The academic community.
Within the arginine methylation community, there are a small number of groups focusing on breast cancer (eg. Dr Jocelyn Cote in Ottawa, Canada and Muriel Le Romancer, Lyon, France). Our approach of biochemical characterisation coupled with in vivo analysis using mouse models will greatly benefit their own research by providing experimental tools and new knowledge in the field. I have also established collaborations with Dr. William Muller (Montreal, Canada) who researches EGFR signalling in the transformed breast. Results from this project could potentially lead to further collaboration in the future.

Clinicians
By identifying novel breast cancer methyl-specific proteins and through the subsequent development of modification-specific antibodies, we will be providing Clinical Research Fellows research tools in which to potentially establish new cancer biomarkers. This will greatly facilitate research into this area and could be of clinical benefit to cancer patients (see below).

Pharmaceutical Industry/Biotech companies/medicinal chemists.
By genetically demonstrate a requirement for PRMT1 in breast cancer we will be validating PRMT1 as a target for drug design. This will therefore be highly beneficial to the biotechnology sector and our chemistry collaborators (Dr. James Dowden, University of Nottingham). The development of clinically relevant PRMT1 inhibitors could in the long term stimulate economic growth. Furthermore, given the implication of deregulated arginine methylation in several disease processes (cancer, CVS, viral pathogenesis) the scope for clinical use of PRMT1 inhibitors is far reaching.

Cancer Patients
Breast cancer is still a disease associated with morbidity and mortality with a real need to identify novel targets for rational drug design. The long-term implications for our research for the cancer patient is two fold: Firstly, chemical inhibition of PRMT1, or small molecule manipulation of the effects of arginine methylation could help identify new drugs for cancer treatment. Secondly, research tools that we will develop (methyl-specific antibodies) might be useful in the diagnosis or staging of breast cancer, and would also identify patients that may respond to anti-PRMT1 compounds. Untimely this could lead to a more personalised approach to cancer therapy and reduce unwanted side effects, improve clinical efficacy and increase the quality of life and well being of patients.

The NHS and Cancer Charities
These are major stakeholders in the search for better diagnosis strategies and more personalised cancer diagnosis. Cancer treatment and palliative care is a major financial burden on the NHS, a better understanding of disease processes will ultimately lead to the development of tailor-made therapeutic strategies thus limiting disease relapse and after-treatment care. Our research will also be used to educate charitable organisations and fundraisers on the science behind breast cancer research and keep them informed of advancements in the field.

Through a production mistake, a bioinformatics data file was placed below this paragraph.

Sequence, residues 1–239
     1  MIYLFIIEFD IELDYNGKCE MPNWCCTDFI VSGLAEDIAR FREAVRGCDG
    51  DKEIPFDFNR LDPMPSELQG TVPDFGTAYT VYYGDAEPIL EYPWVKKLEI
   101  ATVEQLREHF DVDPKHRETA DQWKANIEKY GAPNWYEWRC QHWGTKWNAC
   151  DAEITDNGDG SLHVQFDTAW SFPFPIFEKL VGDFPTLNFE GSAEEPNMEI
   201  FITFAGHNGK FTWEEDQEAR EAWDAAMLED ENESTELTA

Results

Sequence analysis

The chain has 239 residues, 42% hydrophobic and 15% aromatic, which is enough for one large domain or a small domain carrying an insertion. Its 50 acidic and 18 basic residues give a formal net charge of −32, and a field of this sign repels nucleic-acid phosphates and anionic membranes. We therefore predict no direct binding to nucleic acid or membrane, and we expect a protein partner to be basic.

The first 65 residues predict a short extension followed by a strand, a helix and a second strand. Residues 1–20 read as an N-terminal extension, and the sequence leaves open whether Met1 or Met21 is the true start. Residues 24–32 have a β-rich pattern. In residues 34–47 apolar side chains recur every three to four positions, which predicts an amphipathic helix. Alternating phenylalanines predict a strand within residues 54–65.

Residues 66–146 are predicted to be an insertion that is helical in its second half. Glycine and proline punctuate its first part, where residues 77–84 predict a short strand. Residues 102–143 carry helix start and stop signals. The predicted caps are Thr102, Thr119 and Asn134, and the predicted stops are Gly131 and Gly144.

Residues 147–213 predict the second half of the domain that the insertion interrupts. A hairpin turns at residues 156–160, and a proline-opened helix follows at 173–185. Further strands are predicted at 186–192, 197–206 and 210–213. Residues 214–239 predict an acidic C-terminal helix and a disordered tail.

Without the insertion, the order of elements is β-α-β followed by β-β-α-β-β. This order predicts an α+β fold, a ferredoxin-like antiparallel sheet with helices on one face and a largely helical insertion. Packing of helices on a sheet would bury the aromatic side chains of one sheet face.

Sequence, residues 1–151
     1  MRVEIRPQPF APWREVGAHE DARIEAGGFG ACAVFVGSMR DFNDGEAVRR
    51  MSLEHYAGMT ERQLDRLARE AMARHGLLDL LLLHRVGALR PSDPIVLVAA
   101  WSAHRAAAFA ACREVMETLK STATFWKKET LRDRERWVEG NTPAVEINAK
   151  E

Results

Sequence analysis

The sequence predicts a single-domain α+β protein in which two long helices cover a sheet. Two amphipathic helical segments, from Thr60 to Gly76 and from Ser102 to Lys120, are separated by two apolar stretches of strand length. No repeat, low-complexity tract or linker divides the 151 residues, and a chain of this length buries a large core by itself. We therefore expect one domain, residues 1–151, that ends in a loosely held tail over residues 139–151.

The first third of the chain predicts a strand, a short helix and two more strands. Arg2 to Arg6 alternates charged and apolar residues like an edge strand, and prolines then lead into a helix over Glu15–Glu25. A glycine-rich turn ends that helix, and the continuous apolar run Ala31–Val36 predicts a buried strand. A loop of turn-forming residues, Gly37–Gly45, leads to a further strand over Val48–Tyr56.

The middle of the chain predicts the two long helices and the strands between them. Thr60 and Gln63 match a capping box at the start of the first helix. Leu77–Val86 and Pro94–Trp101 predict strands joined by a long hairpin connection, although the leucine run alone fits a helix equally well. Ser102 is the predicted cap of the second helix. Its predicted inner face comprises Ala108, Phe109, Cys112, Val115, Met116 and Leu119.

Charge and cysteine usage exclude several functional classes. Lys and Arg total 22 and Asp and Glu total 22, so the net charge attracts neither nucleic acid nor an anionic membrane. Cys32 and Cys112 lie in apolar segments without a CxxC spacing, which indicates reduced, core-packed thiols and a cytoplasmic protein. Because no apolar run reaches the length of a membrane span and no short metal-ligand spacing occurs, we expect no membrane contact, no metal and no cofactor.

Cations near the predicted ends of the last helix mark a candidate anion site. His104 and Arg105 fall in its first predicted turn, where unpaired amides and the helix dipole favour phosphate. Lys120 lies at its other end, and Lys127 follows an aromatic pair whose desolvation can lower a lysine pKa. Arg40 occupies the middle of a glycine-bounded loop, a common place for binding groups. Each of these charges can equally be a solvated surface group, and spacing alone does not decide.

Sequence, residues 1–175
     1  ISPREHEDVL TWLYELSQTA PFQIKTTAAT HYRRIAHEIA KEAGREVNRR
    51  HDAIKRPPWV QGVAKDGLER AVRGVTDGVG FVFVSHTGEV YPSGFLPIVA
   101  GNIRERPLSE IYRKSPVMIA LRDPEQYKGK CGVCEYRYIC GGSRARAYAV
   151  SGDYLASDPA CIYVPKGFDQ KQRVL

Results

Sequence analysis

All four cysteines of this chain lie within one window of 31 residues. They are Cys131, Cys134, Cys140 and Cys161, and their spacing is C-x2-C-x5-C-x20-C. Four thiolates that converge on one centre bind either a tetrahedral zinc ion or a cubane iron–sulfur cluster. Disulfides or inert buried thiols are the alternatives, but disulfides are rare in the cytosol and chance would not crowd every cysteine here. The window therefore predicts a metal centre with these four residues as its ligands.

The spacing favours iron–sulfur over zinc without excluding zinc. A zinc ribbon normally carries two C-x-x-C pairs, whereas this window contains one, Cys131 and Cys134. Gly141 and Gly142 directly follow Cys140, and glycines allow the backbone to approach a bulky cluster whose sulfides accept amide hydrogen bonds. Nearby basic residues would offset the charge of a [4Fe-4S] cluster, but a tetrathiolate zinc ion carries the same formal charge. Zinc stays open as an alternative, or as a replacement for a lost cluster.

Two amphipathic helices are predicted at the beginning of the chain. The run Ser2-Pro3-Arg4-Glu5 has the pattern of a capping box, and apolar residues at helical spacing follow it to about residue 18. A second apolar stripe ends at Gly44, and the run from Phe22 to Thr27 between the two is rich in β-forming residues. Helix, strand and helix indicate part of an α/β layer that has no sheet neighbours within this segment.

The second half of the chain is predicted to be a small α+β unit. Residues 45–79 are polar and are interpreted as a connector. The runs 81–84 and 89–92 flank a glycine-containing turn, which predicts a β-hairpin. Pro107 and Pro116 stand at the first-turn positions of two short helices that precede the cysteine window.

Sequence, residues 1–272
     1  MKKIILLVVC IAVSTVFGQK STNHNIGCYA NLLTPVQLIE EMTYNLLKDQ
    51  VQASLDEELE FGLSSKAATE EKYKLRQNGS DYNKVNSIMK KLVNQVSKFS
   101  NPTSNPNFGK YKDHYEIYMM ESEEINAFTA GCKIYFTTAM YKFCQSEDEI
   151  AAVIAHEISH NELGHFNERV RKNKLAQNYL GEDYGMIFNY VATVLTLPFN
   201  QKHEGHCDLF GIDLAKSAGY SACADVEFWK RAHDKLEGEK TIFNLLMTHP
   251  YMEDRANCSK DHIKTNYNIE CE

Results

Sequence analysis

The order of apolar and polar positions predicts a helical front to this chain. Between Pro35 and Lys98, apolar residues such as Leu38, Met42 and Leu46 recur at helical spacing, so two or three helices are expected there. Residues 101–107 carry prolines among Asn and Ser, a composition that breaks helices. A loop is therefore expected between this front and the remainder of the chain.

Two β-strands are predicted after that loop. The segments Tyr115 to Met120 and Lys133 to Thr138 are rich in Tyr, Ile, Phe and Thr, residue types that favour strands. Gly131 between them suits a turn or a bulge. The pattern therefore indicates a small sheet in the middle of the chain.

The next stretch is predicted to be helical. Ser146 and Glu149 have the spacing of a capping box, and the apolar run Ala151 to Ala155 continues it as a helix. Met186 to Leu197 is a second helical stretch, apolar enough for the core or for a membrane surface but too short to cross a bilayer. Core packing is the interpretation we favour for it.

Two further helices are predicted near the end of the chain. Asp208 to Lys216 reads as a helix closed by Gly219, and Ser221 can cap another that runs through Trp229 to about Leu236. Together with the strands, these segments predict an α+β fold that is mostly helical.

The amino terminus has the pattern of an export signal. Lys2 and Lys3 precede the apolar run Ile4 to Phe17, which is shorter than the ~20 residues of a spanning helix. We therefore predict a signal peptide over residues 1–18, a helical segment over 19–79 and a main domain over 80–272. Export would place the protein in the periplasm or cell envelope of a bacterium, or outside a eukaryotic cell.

Transferable skills gained by staff working on the project.
The post-doctoral scientist employed on this project will develop extensive project management skills required for in vivo research and acquire a skill sets highly desirable for future employment prospects. With help from myself, the post-doc will also gain additional general project management skills that are obtained from running a research project, which are transferable to many other disciplines in addition to the scientific employment sector. The post-doc will gain communication and supervision/teaching skills that will be transferable to any management discipline.
 
Description Eliz Challenor Scholarship
Amount £16,000 (GBP)
Organisation University of Birmingham 
Sector Academic/University
Country United Kingdom
Start 09/2016 
End 08/2017
 
Description Investigating the role of PRMT5 in cancer
Amount £1,495,856 (GBP)
Funding ID 25500 
Organisation Cancer Research UK 
Sector Charity/Non Profit
Country United Kingdom
Start 05/2018 
End 04/2024
 
Description Modelling breast cancer in mice via CRISPR-mediated in vivo gene editing
Amount £12,251 (GBP)
Funding ID Wellcome Trust ISSF 
Organisation University of Birmingham 
Sector Academic/University
Country United Kingdom
Start 08/2018 
End 08/2019
 
Description UoB RDF fund - Does arginine methylation of RUVBL1 regulate the drug sensitivity of triple negative breast cancers
Amount £4,793 (GBP)
Organisation University of Birmingham 
Sector Academic/University
Country United Kingdom
Start 12/2017 
End 08/2018
 
Title Intra-nipple injection of Adenoviral Cre into genetically enginerred mice